Artificial intelligence has long been a standard in science-fiction, but reality has brought this technology to life. AI-based medical devices are not quite at the level we’ve seen in books or movies, but it is accelerating at an incredible rate. It’s easy to imagine AI in fields like electronics manufacturing or automation, it’s more difficult to see such technology in charge of our medical devices.
After all, these devices can mean life or death to those using them, which leaves no room for error. Can we really trust an AI to assist with the manufacturing and maintenance of our medical devices? Trust is only the beginning, but if we embrace this concept, it could revolutionize everything about the medtech industry.
AI in Medical Device Manufacturing: Where do We Stand?
According to the FDA, any device that utilizes machine learning, neural networks, or natural language processing falls under the category of artificial intelligence. Of course, we’ve been using AI for some time now to handle menial tasks like handling records or medications, but now things are taking another step forward.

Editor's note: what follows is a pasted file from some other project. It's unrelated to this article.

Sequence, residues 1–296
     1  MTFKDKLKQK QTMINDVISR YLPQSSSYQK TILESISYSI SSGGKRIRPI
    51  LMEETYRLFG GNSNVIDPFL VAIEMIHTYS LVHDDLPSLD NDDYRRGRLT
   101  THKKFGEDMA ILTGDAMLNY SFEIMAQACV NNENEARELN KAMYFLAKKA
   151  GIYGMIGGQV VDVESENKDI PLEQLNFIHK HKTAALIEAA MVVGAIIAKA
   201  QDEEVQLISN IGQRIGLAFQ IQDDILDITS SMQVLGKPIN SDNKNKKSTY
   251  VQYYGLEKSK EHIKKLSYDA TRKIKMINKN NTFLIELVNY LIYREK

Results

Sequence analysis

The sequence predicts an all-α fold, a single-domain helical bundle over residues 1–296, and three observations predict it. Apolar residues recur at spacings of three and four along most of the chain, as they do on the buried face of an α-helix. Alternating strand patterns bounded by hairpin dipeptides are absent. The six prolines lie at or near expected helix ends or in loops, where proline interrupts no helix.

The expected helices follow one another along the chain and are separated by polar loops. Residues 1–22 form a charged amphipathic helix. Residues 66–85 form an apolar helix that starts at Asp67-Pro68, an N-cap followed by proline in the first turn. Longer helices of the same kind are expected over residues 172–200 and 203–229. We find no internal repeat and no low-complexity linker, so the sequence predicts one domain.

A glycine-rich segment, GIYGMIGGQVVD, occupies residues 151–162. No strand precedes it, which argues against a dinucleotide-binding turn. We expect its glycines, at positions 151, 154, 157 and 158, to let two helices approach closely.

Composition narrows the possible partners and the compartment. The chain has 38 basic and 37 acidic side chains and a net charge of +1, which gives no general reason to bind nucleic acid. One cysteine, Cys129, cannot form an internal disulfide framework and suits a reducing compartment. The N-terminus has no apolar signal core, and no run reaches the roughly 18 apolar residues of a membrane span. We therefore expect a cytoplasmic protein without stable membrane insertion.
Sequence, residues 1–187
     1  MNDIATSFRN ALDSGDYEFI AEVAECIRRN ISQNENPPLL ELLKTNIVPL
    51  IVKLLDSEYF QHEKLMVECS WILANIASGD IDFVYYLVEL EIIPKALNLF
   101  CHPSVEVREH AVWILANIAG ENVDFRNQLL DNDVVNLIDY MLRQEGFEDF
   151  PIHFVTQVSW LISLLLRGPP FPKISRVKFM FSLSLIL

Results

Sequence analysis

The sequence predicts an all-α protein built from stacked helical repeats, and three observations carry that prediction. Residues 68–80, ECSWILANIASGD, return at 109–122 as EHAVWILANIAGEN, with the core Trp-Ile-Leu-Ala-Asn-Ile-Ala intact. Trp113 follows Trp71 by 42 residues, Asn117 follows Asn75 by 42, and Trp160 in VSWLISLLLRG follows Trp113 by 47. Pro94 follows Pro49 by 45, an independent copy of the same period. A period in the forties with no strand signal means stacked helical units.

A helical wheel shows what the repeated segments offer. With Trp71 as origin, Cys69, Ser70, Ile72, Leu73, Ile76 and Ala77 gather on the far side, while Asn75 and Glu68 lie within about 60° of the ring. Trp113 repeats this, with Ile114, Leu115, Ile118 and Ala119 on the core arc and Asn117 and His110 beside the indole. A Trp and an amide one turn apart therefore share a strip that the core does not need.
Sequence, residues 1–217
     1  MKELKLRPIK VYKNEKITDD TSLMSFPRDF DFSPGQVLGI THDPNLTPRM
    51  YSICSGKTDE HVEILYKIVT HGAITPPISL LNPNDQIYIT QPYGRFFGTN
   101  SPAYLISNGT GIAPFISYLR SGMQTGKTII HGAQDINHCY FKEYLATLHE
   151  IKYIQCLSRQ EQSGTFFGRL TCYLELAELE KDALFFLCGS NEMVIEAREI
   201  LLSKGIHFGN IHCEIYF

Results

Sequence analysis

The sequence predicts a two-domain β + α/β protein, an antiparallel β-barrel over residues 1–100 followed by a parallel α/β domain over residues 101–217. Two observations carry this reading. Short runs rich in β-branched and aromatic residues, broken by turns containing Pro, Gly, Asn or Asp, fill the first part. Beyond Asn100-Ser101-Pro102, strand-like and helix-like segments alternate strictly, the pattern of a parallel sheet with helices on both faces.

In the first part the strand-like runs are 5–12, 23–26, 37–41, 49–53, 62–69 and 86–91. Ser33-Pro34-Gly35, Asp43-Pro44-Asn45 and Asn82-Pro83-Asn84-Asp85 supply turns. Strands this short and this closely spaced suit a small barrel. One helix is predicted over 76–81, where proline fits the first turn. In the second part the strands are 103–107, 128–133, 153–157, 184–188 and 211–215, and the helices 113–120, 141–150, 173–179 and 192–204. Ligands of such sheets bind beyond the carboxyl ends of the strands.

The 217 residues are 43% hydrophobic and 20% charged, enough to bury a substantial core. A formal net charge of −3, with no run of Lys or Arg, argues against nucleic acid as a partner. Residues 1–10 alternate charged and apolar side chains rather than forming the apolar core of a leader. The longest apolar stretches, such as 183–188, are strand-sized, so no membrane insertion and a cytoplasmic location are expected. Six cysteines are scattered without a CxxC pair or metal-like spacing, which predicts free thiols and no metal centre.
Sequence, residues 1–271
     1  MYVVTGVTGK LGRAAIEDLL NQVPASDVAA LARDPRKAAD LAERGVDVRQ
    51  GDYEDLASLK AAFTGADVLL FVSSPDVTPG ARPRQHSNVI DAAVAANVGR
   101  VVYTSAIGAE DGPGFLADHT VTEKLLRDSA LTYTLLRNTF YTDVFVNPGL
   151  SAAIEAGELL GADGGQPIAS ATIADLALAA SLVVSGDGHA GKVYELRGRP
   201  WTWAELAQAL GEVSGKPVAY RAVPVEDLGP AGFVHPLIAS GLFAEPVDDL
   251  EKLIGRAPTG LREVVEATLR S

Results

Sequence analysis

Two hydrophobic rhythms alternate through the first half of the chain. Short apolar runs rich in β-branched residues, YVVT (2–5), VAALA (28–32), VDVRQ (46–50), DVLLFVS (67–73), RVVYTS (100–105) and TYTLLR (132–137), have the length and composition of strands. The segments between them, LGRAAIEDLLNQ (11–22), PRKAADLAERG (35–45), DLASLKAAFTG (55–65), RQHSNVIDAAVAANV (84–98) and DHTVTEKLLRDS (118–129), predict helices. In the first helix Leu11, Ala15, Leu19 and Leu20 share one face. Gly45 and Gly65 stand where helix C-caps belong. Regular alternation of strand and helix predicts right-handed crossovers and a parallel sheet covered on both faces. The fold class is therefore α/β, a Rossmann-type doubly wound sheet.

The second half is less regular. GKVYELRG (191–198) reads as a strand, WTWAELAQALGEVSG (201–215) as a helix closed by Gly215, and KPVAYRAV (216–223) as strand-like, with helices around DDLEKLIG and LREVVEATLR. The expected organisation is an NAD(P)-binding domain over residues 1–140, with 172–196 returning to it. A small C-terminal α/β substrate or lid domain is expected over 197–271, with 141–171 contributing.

The applications are numerous, but the FDA, along with the greater populace, will need more proof before they allow AI to handle their medical diagnoses or treatment. In the United States, medical devices have been regulated by the FDA since 1976. The organization has managed to keep up somewhat with new action plans and guidance, but this doesn’t stop bottlenecks from forming.
Meanwhile, in Europe, new regulations emerged in April of 2017. However, there doesn’t exist any specific regulations to help AI-enabled devices into the market. Ultimately, the regulatory bodies have long struggled with keeping pace as new technologies emerge.
In our digital age, privacy is also a major factor. How can we ensure that information captured by these devices doesn’t fall into the wrong hands? The industry as a whole continues to struggle with classifying, quantifying, and safeguarding these devices from data theft.
Combined Efforts to Integrate AI and Medical Devices
In spite of these obstacles, there are already some exciting ideas developing between healthcare and AI. A partnership between University College London Hospitals (UCLH) and the Alan Turing Institute, for example, has brought AI into the National Health Service (NHS).